Tuesday, November 22, 2011


Arabella by Georgette Heyer 1113

Arabella Tallant is the oldest daughter in a family of eight children. Her father being the local vicar, they live modestly but by no means are they poor, and they are very family oriented and connected with each other. Her mother's best friend from childhood is now the widowed Lady Bollingbrook, and since she is Arabella's godmother, Arabella's mother asks her to sponsor Arabella for a season in the hopes that she will find a well connected husband and she can then bring her sister's out into society. Arabella is anxious to do what is best for her family and hopes to find a kind man who will love her. On the way to London her carriage overturns and she and her companion take refuge in a nearby hunting lodge. Robert Beaumaris is a very wealthy gentleman about town who has been hunted by matchmaking mamas and desperate young ladies for years and he automatically assumes that Arabella is one of these women. Overhearing his remarks Arabella is incensed and makes it clear to him that she is very wealthy as well and hopes to hide it from fortune hunters.

Robert knows that Arabella is stretching the truth but his friend overhears and word quickly spreads around London that she is an heiress and the fortune hunters do indeed come out. Lady Bollingbrook is beside herself, imaging that Arabella is the belle of the ton, but Arabella is crushed to learn that her impetuous outburst has created so many problems. Robert remains the only comfort she has during the parties and balls where everyone's eyes on her, but she worries what his reaction will be when he finds out the truth of her financial situation and fears losing him. Robert wants Arabella to confide the truth to him of her own volition- he does not want to force her hand, but he realizes it may be inevitable because he is falling for her and does not want to wait too long. Meanwhile Arabella's brother has gambled his way into a huge hole and Arabella believes it is up to her to make things right and the only person she can turn to is Robert. Robert is of course willing to do everything he can to help but he expects that at the end he and Arabella will stop pretending with each other and admit to each other that they are in love.

Arabella is much different than every other romance I have read and I wondered if it was even appropriate for me to review it here. It was obviously written a long time ago, originally published in 1949, and it sticks more to social norms and language that would have been used in the Regency period than most modern romance novels. Her writing reminded me of Jane Austen because it was wordy and long and slow with only moderate verbal interactions among characters. However, while I do not like Jane Austen's novels I found that I did enjoy this because it was essentially entirely a romance novel and the diction was more digestible for me. I really liked that Arabella was very true to her time and her situation; she tried to stick to social norms and pretty much did for the entire novel. She cared so much about her family and had a strong sense of duty to do right by them and felt guilt over the deception she had played out. She did what others expected of her and yet it was clear that she had a very strong sense of self and stayed true to her beliefs and values.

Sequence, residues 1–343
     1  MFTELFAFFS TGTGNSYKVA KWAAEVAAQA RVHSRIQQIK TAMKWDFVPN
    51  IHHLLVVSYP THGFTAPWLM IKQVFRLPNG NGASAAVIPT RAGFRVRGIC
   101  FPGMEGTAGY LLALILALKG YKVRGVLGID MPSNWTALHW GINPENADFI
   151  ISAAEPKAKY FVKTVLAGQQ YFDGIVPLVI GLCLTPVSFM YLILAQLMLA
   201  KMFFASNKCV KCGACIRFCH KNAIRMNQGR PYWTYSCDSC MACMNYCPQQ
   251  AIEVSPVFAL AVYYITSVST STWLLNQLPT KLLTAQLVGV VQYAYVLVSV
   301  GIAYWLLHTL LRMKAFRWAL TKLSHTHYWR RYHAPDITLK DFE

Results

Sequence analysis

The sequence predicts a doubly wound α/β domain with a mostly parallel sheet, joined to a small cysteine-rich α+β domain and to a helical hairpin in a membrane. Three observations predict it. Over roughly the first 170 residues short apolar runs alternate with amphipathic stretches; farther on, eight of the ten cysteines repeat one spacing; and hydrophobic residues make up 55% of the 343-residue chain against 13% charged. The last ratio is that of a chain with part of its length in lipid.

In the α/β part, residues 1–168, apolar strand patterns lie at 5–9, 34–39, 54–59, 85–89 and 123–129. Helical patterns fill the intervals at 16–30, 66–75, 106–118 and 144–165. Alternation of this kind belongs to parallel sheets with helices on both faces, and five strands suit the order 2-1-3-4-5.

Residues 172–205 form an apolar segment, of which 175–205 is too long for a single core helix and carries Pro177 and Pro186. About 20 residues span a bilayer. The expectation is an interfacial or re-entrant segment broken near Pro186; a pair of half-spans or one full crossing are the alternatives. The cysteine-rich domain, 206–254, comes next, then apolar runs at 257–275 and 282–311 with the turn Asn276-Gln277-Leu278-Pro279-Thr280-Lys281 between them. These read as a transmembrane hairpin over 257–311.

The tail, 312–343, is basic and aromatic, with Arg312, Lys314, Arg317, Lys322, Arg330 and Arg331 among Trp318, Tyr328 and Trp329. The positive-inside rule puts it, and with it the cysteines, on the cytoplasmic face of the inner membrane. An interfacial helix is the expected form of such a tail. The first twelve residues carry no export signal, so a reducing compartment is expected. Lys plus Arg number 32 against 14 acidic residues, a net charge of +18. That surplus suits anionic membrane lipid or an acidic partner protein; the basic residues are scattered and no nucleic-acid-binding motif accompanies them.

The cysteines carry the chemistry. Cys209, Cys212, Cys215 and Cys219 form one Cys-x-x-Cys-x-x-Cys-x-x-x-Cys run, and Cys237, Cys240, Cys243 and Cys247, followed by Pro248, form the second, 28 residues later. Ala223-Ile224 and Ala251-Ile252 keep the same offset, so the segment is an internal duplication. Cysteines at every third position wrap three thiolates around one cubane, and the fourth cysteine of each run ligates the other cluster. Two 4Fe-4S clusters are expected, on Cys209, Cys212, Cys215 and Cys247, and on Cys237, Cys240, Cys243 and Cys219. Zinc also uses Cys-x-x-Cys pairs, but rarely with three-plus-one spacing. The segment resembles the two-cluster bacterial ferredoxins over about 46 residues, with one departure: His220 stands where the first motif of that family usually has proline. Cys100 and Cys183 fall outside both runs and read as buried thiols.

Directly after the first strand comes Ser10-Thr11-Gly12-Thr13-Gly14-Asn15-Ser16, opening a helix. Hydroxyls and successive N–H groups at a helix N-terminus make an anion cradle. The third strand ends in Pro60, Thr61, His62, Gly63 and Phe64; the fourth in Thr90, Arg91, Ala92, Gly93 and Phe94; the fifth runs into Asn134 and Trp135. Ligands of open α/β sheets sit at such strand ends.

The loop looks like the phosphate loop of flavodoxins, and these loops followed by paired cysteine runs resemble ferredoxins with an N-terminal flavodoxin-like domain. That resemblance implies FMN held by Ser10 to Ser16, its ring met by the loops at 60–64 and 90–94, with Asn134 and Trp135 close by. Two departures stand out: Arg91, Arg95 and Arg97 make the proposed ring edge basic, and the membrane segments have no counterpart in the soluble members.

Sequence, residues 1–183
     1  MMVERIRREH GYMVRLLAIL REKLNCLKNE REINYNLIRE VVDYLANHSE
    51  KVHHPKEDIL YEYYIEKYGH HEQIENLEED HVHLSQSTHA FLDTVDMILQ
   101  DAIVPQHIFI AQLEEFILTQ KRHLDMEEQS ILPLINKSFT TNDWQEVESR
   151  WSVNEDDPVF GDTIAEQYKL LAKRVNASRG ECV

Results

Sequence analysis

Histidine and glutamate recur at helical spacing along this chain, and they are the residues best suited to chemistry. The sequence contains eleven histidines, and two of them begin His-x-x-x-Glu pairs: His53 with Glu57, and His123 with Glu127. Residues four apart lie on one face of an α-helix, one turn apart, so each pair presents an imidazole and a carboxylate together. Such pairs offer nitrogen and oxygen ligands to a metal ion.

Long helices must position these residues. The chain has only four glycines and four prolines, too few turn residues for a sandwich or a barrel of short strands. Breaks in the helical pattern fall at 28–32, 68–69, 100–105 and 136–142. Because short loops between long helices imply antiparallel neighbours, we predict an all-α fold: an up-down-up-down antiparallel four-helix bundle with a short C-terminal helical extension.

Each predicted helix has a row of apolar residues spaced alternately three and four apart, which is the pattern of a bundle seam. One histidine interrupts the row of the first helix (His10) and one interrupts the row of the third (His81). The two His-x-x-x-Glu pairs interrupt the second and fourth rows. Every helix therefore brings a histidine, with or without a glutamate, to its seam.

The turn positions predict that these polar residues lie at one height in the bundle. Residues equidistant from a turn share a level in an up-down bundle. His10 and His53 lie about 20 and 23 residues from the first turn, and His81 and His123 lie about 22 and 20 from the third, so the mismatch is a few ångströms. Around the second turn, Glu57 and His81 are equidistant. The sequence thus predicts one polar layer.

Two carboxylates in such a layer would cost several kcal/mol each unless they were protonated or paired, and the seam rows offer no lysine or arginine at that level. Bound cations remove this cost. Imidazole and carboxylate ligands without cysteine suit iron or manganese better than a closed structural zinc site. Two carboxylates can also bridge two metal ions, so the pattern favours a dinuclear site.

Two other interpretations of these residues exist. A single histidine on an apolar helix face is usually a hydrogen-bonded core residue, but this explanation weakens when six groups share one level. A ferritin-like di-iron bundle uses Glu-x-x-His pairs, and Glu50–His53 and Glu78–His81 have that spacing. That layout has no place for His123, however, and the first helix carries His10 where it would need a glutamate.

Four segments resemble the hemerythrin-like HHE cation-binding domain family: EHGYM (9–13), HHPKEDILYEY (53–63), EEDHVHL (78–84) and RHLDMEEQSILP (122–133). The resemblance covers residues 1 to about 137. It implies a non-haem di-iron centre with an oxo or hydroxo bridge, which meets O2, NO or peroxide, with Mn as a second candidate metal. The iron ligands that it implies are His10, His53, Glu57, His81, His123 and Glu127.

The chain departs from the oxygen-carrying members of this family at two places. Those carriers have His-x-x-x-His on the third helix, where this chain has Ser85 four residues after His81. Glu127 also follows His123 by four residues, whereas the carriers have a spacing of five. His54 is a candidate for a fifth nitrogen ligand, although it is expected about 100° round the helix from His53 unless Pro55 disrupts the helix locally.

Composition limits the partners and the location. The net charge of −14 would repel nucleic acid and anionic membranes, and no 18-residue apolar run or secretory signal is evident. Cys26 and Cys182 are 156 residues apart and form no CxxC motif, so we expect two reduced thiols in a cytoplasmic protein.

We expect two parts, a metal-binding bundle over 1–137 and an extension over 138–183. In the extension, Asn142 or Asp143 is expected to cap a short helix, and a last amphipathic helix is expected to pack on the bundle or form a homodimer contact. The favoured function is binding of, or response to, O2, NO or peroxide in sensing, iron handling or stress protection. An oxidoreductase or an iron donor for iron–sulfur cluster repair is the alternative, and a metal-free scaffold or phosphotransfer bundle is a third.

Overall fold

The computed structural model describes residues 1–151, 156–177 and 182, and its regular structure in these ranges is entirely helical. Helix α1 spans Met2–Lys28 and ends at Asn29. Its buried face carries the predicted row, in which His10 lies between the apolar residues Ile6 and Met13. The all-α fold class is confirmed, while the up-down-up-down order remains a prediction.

Robert was not in as much of the novel as I typically like in romances but I did get enough of him to make it clear that he was a really upstanding guy who cared about Arabella and wanted her to be happy. He started out a little stuffy but slowly began to reveal his more fun side and let loose a little bit. He acted out of character in order to be near Arabella and the way it was written made it so clear that he needed Arabella and the laughter she would bring into his life. Their relationship was slow and very staid and proper, in keeping with the entire tone of the novel, and they were very rarely alone together. They enjoyed each other's company and quickly came to see that they were compatible and that they could live a happy life together. There was one muted kiss at the very end of the book, but, as with much about the book that would normally not work for me, it was in keeping with the rest of the book. The plot involving her brother was often long and I did not really go for it, but it worked with the novel and was an opportunity to show how Robert and Arabella worked together.

Rating: It was an enjoyable book but it was not really my cup of tea. For what it was it was really good, but I don't think I will read too much more of Heyer's stuff.

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